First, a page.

Edoxaban Could Safely Reduce Risk of Thromboembolism in Pediatric Patient Populations

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Data from a phase 3 trial examining use of edoxaban in pediatric patients with cardiovascular disease at risk of thromboembolism suggests the direct oral anticoagulant (DOAC) could be a safe and effective way of alleviating disease burden among these patients.

Presented at American Heart Association’s Scientific Sessions 2022 (AHA 2022), the 168-person study, which compared edoxaban against low molecular weight heparins and/or vitamin K antagonists, indicate there were no major differences in clinically relevant bleeding events between study arms and treatment-emergent adverse events were rare among both groups.

“Our findings point to edoxaban as a new and, perhaps, better alternative to the current medications and may improve quality of life for these children,” said lead investigator Michael A. Portman, MD, director of research in the division of cardiology at Seattle Children’s Hospital and professor in the department of pediatrics at the University of Washington School of Medicine, in a statement. “A once-a-day, oral anticoagulant would be a distinct advantage for children and families, and eliminate injections and reduce the need for frequent blood tests.”

The current study was launched with the intent of examining if edoxaban was at least as safe as current standard of care in pediatric patients with cardiovascular disease considered to be at risk of thromboembolism. A phase 3, multinational, prospective, randomized, open-label, blinded-endpoint trial, ENNOBLE-ATE enrolled patients less than 18 years of age and randomized them in a 2:1 ratio to age- and weight-based oral edoxaban once-daily or standard of care for 3 months, with randomization stratified by concomitant use of aspirin and by underlying disease groups, which were defined as those with a history of Fontan procedure, Kawasaki disease, heart failure, and other cardiovascular diseases. At the conclusion of the 3-month period, both groups continued in an extension with edoxaban through 1 year.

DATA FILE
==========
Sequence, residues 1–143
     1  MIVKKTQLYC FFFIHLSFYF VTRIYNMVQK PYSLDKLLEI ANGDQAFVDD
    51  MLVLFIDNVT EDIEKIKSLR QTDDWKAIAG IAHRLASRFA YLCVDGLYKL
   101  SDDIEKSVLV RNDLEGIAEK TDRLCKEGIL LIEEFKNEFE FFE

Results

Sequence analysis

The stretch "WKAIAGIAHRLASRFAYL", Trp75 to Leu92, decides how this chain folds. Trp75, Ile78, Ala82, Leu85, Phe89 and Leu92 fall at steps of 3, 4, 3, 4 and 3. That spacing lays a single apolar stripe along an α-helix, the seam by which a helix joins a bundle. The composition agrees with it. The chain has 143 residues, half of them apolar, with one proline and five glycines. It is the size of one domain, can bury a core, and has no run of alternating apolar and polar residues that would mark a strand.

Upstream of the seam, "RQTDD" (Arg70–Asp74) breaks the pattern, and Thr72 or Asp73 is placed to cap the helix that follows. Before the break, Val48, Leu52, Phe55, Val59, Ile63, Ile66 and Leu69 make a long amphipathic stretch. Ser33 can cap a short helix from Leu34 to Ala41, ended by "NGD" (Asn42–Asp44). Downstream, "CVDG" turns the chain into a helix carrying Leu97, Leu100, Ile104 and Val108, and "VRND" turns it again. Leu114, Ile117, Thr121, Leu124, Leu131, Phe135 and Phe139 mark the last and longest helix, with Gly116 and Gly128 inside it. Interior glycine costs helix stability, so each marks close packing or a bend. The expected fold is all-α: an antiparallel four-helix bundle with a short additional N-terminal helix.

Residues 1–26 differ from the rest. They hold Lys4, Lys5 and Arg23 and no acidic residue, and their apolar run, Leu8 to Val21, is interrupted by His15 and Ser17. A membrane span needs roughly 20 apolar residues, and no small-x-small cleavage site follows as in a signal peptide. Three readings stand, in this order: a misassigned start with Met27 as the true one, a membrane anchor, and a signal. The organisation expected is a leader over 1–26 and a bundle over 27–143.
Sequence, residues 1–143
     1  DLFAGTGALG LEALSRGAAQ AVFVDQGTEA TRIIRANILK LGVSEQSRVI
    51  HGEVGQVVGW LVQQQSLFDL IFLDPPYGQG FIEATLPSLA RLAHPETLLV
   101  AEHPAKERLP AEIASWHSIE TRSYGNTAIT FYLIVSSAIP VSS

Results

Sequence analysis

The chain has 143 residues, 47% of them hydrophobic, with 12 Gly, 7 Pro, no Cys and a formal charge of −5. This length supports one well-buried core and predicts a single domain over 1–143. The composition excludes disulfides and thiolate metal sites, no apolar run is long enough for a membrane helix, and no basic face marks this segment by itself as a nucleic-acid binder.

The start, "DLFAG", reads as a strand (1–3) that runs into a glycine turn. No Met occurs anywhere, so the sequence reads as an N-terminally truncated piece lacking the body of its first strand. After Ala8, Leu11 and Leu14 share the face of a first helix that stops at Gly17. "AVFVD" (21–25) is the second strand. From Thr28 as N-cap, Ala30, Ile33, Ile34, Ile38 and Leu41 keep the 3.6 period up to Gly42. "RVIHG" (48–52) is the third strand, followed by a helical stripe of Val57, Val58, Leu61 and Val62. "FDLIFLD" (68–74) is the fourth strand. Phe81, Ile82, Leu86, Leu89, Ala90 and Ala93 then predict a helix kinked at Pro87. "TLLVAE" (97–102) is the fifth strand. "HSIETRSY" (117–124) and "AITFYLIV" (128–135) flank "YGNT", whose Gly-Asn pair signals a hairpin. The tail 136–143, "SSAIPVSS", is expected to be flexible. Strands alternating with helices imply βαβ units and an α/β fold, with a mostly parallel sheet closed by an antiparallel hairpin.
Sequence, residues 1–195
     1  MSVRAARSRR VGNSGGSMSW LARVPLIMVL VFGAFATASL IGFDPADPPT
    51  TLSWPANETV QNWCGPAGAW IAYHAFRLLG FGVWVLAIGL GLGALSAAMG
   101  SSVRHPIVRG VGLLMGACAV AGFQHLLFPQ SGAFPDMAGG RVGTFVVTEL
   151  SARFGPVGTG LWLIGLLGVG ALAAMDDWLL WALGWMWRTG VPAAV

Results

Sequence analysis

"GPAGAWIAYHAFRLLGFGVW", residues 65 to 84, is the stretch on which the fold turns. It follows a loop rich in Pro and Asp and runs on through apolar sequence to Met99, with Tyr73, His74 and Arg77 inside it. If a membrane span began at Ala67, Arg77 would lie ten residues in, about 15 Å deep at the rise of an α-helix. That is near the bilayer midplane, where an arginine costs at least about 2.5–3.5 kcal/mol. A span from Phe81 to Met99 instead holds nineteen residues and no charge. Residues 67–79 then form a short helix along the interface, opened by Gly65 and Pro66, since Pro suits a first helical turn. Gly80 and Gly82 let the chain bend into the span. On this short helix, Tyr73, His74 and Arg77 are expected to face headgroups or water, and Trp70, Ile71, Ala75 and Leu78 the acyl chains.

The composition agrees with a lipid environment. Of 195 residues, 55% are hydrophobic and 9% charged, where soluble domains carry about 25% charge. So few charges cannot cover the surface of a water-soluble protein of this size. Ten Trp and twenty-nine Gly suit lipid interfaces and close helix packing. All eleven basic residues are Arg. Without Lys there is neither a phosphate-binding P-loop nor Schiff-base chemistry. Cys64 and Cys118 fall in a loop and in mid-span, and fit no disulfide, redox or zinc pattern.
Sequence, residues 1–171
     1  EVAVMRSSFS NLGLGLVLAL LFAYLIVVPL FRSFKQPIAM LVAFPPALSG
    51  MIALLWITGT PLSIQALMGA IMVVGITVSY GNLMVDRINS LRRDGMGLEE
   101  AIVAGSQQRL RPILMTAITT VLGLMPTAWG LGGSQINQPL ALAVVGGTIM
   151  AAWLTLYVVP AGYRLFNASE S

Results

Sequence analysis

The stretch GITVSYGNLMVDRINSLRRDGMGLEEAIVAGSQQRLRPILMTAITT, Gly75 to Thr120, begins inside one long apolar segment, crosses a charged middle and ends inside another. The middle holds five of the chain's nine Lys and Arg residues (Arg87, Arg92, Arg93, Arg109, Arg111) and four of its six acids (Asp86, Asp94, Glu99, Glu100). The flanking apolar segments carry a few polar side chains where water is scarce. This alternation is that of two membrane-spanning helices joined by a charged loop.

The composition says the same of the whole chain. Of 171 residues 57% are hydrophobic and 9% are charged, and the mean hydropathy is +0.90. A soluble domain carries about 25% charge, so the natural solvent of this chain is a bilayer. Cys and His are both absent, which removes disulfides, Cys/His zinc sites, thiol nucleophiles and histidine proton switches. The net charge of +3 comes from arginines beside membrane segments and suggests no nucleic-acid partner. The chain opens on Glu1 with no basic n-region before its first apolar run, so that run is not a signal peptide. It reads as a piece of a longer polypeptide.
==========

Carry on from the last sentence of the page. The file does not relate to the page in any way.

Between May 2018-September 2021, investigators enrolled and randomized 168 children. This cohort had a mean age of 8, 65% were male, and 71% identified as White. Overall, 112 individuals were randomized to edoxaban and 56 were randomized to continue standard of care. The primary outcome of interest for the trial was adjudicated International Society on Thrombosis and Haemostasis defined clinically relevant bleeding. The trial’s secondary outcome of interest was a composite of symptomatic thromboembolism and asymptomatic intracardiac thrombosis.

Upon analysis, results indicated the rates of clinically relevant bleeding events were similar between both study arms during the 3-month portion of the trial, with investigators noting one subject in each group experiencing a nonmajor clinically relevant bleeding. When assessing for risk of treatment-emergent adverse events, results indicated such an event occurred among 46.8% (51/109) of the edoxaban group and 41.4% (24/58) of the standard-of-care group.

Among a subgroup of 152 participants who continued in the extension portion of the trial, a single clinically relevant bleeding event, which investigators pointed out was trauma related, and 4 treatment-emergent adverse events occurred during the additional 9 months of follow-up.

“If a child is having difficulty with anticoagulant treatment – for instance becoming tired of the twice-daily injections – it would be reasonable to discuss with the child’s physician or health care team about whether edoxaban is an option,” Portman added.

This study, “Edoxaban For Pediatric Patients With Cardiac Diseases: A Randomized, Open Label, Multicenter Study,” was presented at AHA 22.